So, I went there and we were in the process of trying different things when Amit Gulani (the director of TVF Pitchers) walked in and he suggested, ‘Why don’t we try you for Shreya’. And then we tried it… and it was pretty much what they needed for the character of Shreya.   

YSW: You played the role of Siddhi Patel in Four More Shots Please. Which character in the show was your personal favourite of the four?

MG: I have really come to like Siddhi. When I read the script, I felt that Siddhi had the meatiest role– you see her journey, you see her arc, you see her changing as a person and that makes her very interesting.

But in terms of relating to a character, I related the most with Damini (played by Sayani Gupta). In real life, I am Damini, in the sense of being righteous, being very independent, and vocal about my opinions. Even sexually, very progressive and not judging people.

YSW: Do you feel women-centric storylines are finally enjoying their time in the sun? What’s still missing?

Maanvi believes there should be more female oriented narratives in showbiz

MG: World over, the conversation is changing. Even our living room discussion has moved from what maybe we were discussing ten years ago. And that is reflected in media and entertainment as well. But I feel it’s important to have different narratives as well – we need to have more female-oriented narratives, more LGBTQ narratives, more caste-based narratives, and more narratives based in regional languages.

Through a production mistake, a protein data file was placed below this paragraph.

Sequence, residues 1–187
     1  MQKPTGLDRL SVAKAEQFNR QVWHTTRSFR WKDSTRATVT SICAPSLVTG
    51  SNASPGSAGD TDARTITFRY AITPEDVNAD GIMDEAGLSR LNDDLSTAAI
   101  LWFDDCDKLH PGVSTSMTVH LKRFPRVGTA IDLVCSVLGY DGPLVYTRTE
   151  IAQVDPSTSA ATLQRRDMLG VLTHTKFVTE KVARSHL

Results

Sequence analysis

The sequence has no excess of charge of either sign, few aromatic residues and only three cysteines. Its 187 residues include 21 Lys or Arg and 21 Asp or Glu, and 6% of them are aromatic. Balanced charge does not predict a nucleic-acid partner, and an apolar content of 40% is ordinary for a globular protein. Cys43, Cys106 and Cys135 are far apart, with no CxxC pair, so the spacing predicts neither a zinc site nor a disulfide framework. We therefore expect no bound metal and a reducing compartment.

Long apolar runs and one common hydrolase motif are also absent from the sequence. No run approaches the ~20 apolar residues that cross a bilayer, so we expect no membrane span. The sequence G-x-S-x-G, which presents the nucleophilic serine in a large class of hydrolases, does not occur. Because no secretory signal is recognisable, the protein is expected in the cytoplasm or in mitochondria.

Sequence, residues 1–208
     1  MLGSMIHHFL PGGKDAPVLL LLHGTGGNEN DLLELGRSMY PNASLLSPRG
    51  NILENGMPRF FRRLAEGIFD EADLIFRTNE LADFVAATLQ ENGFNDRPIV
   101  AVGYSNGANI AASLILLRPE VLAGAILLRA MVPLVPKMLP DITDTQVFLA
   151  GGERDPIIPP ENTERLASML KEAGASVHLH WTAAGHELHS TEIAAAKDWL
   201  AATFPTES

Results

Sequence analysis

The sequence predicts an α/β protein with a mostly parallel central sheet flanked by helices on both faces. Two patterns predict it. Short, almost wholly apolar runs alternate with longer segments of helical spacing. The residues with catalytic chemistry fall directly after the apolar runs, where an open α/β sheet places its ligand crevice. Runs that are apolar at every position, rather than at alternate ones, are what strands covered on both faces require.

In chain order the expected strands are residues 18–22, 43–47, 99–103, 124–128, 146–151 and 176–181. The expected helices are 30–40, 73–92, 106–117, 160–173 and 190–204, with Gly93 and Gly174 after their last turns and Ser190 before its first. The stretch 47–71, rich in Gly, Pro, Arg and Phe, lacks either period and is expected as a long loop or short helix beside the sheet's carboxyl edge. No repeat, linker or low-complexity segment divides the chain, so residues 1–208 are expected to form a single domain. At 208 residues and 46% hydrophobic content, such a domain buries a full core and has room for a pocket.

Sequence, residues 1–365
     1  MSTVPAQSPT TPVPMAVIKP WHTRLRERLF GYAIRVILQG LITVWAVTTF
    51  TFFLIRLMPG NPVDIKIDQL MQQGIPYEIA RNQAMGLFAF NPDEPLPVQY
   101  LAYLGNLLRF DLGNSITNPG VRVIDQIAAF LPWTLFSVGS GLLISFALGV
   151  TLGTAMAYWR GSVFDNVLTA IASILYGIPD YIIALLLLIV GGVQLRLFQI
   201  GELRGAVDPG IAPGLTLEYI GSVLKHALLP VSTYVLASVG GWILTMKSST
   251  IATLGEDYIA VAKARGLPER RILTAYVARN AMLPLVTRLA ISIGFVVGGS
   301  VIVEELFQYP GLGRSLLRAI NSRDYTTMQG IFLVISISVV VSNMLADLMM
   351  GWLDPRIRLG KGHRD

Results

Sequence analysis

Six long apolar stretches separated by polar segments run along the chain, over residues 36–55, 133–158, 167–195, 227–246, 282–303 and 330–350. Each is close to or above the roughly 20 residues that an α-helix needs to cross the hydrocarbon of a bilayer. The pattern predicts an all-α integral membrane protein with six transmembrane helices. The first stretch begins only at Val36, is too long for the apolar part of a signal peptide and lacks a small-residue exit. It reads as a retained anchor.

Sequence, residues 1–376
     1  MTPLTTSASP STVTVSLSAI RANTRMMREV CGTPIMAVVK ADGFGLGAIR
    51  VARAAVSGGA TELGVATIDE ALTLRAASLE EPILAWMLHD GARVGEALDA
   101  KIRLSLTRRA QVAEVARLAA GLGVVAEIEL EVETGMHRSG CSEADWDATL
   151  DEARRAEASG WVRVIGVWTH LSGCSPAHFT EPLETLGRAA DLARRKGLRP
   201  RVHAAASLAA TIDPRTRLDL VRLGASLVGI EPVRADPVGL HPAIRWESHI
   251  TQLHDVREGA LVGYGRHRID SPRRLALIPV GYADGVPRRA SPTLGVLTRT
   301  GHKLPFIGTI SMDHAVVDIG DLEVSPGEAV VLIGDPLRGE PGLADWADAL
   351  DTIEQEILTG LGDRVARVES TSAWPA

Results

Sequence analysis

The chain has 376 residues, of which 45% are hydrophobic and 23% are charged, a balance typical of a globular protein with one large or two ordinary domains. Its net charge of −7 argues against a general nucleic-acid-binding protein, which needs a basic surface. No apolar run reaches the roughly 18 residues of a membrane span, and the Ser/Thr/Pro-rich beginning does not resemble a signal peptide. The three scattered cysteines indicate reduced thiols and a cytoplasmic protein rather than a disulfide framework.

There has to be a variety, it will only make things more interesting. What I do think is missing is... right now feminism has become a business and a lot of people are trying to cash in on that, and that’s fine but it has to be backed by substance. 

YSW: Any director/writer you would love to work with next?

MG: I would love to work with the people that I have already worked with, like Amit Gulani, who is one of my favourite directors, Sameer Saxena, who has directed Tripling, Faruk Kabir with whom I did 377 AbNormal. And of course, then there is Imtiaz Ali, Dibakar Banerjee, and Anurag Kashyap.